FASS built in a fuse for the pump’s wiring. This added a layer of safety to the system, as it would break the fuse and prevent a surge of electricity from damaging the pump.

Now came time to attach the hose lines for the fuel. The included hose line in the FASS kit is a half-inch diameter product measuring 17 feet in length, which would be cut up for use in various places.

The first length of hose to be measured and cut was the one running from the CP3 to the FASS pump. Once that was cut, we ziptied it in the same fashion as the wiring: strategically, and along the inside of the driver’s side frame rail.

FASS's half-inch hose line was routed up, down, and all around the back of the truck. All of this was to ensure the FASS pump could receive the fuel it demanded, and return whatever fuel was left over to the fuel tank.

The hose was given Push-Lok fittings and cut up to route to various spots, as the FASS pump had to be able to not only send fuel to the CP3 pump in the engine bay, but also send unused fuel back to the fuel tank. The filler neck was cut and given a Y-shaped return manifold, which was then clamped securely to prevent leaking.

Up front, the stock fuel pump had to be removed to make way for the Exergy CP3. Space was tight, but we found a way to remove the four bolts holding it in place, as well as the nut cover that required a special tool to get off.

The Exergy CP3 was gleaming and pure compared to the stock version, which looked like it had seen better days.

We installed the correct fittings to the new CP3 and maneuvered it back into place in the engine bay. The stock fuel lines were attached in their proper places, and finally the blue line routing to the FASS pump was installed.


The Exergy CP3 is all hooked up and ready to go.

The fueling system was once again fully installed and ready to begin pumping fuel. “Begin” was a hopeful thought, however, as we had to get the system primed with several consecutive starting attempts. Over the course of probably 20 minutes, we had to crank the starter for spurts of 10-15 seconds until finally, the fuel was fully circulating: the tank, the FASS pump, over to the Exergy CP3, then to the fuel rail, the injectors, and finally the engine.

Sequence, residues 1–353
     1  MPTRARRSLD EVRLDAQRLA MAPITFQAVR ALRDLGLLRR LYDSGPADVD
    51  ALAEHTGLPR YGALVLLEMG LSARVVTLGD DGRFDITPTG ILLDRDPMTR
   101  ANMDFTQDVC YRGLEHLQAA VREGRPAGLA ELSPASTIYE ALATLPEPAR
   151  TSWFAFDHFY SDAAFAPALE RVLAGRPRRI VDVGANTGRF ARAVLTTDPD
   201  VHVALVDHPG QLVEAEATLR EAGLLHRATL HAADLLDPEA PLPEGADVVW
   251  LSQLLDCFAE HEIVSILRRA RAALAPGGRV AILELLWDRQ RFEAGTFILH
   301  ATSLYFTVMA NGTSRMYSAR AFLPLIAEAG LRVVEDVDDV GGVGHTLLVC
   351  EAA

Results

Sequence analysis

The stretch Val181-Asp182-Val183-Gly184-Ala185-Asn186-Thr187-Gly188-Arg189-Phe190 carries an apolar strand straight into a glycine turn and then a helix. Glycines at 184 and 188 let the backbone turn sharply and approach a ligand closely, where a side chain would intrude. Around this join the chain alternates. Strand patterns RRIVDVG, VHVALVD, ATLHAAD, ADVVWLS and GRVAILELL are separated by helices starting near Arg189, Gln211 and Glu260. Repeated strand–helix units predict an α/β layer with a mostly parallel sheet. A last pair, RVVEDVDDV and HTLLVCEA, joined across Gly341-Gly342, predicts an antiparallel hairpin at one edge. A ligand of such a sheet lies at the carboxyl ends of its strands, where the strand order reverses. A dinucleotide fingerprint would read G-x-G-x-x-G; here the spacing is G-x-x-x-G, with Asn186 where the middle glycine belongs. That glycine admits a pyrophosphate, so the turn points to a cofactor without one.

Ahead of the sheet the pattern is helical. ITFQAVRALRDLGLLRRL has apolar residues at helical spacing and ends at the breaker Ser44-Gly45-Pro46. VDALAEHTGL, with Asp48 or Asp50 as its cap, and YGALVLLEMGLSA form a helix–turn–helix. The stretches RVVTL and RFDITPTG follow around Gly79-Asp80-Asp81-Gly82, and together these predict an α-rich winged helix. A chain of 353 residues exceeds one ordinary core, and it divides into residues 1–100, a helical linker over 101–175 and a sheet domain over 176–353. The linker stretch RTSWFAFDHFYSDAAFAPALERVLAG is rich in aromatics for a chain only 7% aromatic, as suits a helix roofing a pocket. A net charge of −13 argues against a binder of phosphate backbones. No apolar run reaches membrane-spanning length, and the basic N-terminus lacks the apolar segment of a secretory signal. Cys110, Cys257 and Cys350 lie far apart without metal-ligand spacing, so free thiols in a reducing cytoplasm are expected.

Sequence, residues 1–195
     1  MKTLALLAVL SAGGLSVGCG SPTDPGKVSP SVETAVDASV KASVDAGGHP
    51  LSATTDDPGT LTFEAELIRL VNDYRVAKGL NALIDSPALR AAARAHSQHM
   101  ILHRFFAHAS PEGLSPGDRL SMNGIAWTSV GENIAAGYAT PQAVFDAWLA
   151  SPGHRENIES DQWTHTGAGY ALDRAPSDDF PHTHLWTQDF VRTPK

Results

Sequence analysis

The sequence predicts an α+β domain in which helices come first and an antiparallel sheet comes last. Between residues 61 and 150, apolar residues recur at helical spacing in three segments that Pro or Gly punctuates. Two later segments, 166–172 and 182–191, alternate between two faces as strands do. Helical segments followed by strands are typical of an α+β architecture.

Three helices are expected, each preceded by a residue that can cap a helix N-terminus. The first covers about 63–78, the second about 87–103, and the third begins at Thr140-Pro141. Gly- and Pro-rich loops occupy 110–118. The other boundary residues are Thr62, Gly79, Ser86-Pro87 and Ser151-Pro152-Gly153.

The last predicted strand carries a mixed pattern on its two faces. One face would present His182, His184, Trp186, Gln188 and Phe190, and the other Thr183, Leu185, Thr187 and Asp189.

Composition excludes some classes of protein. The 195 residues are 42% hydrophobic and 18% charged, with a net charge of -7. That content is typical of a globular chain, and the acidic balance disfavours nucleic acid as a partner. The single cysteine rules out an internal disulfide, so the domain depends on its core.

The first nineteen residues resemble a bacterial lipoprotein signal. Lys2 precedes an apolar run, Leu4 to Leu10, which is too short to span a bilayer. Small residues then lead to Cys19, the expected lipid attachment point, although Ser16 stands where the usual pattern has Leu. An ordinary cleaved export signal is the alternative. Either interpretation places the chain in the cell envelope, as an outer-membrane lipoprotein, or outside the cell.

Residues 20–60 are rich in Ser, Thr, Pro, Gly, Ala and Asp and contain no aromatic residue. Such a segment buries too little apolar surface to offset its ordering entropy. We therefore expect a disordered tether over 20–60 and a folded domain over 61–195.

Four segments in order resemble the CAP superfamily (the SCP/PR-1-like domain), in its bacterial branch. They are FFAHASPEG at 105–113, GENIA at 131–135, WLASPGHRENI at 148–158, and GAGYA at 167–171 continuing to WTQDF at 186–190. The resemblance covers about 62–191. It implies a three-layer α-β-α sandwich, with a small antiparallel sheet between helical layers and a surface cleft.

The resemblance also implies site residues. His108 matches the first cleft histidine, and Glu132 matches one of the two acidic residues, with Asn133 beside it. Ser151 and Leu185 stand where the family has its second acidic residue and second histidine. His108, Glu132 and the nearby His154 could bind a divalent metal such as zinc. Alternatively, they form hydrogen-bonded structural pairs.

Our only issue was the nut cover on the CP3, which cracked as we tried to reinstall it. A quick call to a local Dodge dealership got the part over to us the next morning, and once installed, our work was complete.

Preliminary Dyno Session, Session 2


Our hopes high, we took the truck from American Diesel back to our shop. We had more confidence that it would be able to make a clean pass on the dyno this time, and if our fortunes held, we would even be able to try out some of the cool tunes that Adam had made for us over at Pela Motorsports.

However, our hopes were soon dashed. A run on the stock tune showed us that the truck was still having trouble making power.


Tragedy followed disappointment – midway through attempting to load the Level 1 tune and see if it made a difference in how the truck performed, the batteries died. This caused the ECU and the tuner to stop being “friends,” so to speak, and the truck was kaputt.

We got on the phone with Edge Products and were offered a solution: uninstall the ECU and CTS2, send them to Edge for a respective reflash and evaluation, and have them returned to us by overnight shipping. The whole process would take three days, but that was pretty quick for what was going to be done; so we did it.

After the CTS2 and ECU lost voltage halfway through loading up a new tune, the two stopped cooperating with each other. Thankfully, Edge offered to take care of the problem. We uninstalled the ECU and packaged it with the CTS2, sending it overnight to Edge for them to do a reflash.

Our latest activity has seen the ECU reinstalled, but it seems we were sent a brand new CTS2, as it behaved like the first one did the first time we got it going (asking for a stock tune file, needing an internet update, etc.). This meant that Adam would have to start over with generating our tunes for the truck, since he couldn’t tell what Edge’s concept of a reflash entailed.

So, we started from square one. We downloaded the stock tune file from the truck, plugged the CTS2 into a computer with Ignition software, and got the update downloaded while simultaneously (we hope) uploading the stock tune file to the cloud for Adam to access and build tunes from.


And that brings us up to this now – waiting to hear if the stock tune file was uploaded, and waiting to hear if the new tunes are ready to load up and test out on the dyno.

Despite some setbacks and disappointments, we’re still hopeful that this dually will win in the end. Stay tuned as we get ready for the new tunes to come in, more dyno pulls, and then a glorious compound turbo system!

Article Sources

About the author

David Chick

David Chick comes to us ready for adventure. With passions that span clean and fast Corvettes all the way to down and dirty off-road vehicles (just ask him about his dream Jurassic Park Explorer), David's eclectic tastes lend well to his multiple automotive writing passions.